HOPE Biennial Conference

For those of you who have never heard of or attended 2600: The Hacker Quarterly‘s biennial conference before, you should take note: not only is this the premier east coast conference dedicated to an impossibly diverse and interesting list of talks budding off the core topics of security, privacy, computers/technology, Internet/broadcast/transmissions, associated legal/policy implications, open source development, and hackers/hacking, this series is constantly pre-saging its own imminent demise — and this might be the very last year! (Just like they said the last two times. No, really this time!)

This year’s keynote speakers William Binney and The Yes Men are unlikely to disappoint, but also take the time to sift through the entire list to learn more about what this conference has on offer. We are hoping that MakerBot’s own Rob Vincent (Rob T Firefly), part of HOPE’s organizing team, will sneak us tips about the best talks and events to attend at this rambunctious, infectious, 24-hour programming hacker conference extraordinaire. Generally the rule of thumb is that if you manage to score a badge and make your way to the event, you are bound to stumble on activities, concerts, talks and people who you will find interesting.

MakerBot @ HOPE Number 9

MakerBot has secured two-tables-worth of vendorspace at the venue where I will be setting up two BotStands featuring our latest MakerBot Replicators, 3D-printed parts, Thingiverse.com, MakerBotTV videos, and a Thingiverse data visualization that Thingiverse participants will tremendously enjoy.

The BotStands are also display cases — so anyone in the MakerBot / Thingiverse community is invited to bring over their 3D printed work to display proudly at our booth (bring a Thingitag or similar label so we can brag about who created what).

There is also a rumor that I can neither confirm nor deny that one of the tables will devolve into a Seej tournament partway through the conference. This likely depends upon whether anyone in the community can come even close to competing with the MakerBot Seej Masters.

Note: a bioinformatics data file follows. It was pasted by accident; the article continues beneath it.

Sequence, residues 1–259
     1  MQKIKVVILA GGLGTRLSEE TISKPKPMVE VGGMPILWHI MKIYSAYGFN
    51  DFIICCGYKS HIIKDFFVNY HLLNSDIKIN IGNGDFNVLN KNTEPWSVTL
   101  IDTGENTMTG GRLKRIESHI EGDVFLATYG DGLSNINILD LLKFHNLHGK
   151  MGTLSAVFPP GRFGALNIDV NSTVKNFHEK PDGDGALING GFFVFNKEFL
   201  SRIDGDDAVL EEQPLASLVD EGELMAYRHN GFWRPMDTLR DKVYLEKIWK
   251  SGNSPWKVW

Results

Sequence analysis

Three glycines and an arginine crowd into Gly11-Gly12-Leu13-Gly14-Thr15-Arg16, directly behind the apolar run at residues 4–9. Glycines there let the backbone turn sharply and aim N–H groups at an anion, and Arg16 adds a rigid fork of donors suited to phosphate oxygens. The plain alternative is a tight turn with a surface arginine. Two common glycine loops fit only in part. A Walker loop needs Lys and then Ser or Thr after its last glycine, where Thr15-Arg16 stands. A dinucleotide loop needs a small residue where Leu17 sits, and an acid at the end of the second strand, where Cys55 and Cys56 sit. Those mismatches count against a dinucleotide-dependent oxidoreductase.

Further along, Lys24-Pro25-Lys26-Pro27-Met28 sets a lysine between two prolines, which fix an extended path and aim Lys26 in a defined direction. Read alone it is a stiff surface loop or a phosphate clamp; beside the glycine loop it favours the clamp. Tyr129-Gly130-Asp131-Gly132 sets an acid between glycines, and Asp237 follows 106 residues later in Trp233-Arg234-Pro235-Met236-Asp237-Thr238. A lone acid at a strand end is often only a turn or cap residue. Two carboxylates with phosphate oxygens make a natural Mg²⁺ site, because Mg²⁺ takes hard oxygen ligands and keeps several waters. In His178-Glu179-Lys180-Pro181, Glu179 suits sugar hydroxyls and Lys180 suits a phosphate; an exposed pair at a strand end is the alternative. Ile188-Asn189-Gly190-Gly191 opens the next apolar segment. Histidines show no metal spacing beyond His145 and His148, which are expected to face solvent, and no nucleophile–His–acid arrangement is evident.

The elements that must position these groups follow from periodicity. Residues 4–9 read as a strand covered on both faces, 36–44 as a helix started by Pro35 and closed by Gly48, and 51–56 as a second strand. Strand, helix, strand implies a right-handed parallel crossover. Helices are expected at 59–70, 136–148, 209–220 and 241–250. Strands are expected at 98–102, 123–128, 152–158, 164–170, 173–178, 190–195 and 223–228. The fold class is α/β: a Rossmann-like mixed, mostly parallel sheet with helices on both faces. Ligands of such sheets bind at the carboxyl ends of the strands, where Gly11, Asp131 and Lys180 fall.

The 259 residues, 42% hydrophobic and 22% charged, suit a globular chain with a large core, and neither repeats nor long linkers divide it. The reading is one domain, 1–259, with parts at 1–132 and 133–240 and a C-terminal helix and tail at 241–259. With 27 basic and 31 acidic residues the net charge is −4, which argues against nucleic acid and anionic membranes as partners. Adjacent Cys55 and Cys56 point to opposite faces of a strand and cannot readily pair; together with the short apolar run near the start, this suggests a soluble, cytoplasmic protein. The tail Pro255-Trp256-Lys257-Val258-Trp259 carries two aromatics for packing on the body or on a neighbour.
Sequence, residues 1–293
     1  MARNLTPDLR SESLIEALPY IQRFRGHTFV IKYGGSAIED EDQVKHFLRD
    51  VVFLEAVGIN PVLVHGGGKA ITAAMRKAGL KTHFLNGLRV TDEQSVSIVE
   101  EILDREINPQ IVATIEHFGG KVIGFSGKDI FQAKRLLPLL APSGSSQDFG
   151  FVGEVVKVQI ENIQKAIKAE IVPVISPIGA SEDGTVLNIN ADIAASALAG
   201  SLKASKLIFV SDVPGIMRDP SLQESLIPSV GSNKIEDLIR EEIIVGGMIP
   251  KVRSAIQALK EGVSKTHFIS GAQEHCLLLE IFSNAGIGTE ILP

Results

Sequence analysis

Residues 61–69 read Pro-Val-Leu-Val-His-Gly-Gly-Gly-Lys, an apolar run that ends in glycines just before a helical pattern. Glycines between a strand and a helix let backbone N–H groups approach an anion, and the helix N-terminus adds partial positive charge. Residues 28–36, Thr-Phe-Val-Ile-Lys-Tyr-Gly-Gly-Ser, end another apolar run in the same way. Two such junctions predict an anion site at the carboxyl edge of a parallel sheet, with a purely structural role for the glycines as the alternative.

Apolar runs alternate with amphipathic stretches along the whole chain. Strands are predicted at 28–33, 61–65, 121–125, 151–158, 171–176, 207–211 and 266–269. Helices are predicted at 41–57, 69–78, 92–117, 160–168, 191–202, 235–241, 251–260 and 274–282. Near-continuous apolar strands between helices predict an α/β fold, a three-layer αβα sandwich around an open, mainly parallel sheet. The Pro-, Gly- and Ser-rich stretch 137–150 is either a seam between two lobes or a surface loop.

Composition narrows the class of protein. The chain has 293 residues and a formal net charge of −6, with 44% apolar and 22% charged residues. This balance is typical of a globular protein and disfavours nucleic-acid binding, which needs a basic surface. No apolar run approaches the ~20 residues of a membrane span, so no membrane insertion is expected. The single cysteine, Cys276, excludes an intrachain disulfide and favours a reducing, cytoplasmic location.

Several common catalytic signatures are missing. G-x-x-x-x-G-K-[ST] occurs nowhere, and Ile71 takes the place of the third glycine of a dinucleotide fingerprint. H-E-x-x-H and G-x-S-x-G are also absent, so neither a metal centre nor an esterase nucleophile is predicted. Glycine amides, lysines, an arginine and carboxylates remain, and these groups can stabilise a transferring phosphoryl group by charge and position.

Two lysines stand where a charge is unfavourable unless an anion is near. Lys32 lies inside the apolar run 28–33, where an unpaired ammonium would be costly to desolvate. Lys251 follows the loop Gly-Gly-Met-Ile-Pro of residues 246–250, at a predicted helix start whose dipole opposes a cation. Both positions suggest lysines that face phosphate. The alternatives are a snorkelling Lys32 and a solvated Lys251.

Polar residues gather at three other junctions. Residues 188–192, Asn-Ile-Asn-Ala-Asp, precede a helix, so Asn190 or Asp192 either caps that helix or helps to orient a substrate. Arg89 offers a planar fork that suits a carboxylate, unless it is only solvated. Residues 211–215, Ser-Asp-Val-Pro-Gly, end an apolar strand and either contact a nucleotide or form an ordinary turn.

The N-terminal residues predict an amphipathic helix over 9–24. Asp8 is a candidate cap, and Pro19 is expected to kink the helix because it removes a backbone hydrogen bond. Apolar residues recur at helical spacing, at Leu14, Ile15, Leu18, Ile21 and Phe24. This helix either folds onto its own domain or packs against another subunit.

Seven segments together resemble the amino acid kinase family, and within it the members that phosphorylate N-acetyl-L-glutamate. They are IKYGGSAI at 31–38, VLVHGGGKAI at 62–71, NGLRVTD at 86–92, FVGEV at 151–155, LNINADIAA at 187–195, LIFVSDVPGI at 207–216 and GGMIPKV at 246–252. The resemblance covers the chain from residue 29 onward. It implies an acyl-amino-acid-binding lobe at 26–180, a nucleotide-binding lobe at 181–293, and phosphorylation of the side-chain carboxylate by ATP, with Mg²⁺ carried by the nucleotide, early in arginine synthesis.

But wait, there’s more!

Check out what the MakerBot’s software team will be up to at the conference!

• Friday 10AM @ Dennis: “Community Fabrication: Four Years Later” – talk by MakerBot’s Far McKon, a follow-up to the one he gave 2 HOPEs ago before joining MakerBot
• Saturday 4pm-6pm @ MakerBot Booth: “How to Get Hacking on ReplicatorG” – tech demo lead by MakerBot’s software team
• Sunday 10am-11am @ MakerBot Booth: “How to Get Hacking on MakerBot Community Software Early on Sunday Morning” – tech demo lead by MakerBot’s software team

A Special Note

And if someone asks to borrow your cellphone or laptop “to check something” … well … you might be about to learn a very valuable lesson in computer security practice, if not policy and assumptions made about said policies at network/computer security conferences. Don’t say I didn’t warn you: pranks are an inevitable if unofficial part of the entertainment on offer.

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Video: Arduino’s Massimo Banzi Highlights Awesome Open Source Projects

Massimo Banzi, one of the open source heroes from Arduino, gives a great rundown of projects and technologies using Arduino boards in the TED Talk below. Watch for a nice shout out to the MakerBot community at the very beginning, and Massimo’s really simple explanation of why open source rules:

You don’t need anybody’s permission to create something great.

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We Have The Burrito Technology: Burritob0t

Rescuing the world from hunger, one burrito at a time

Rescuing the world from hunger, one burrito at a time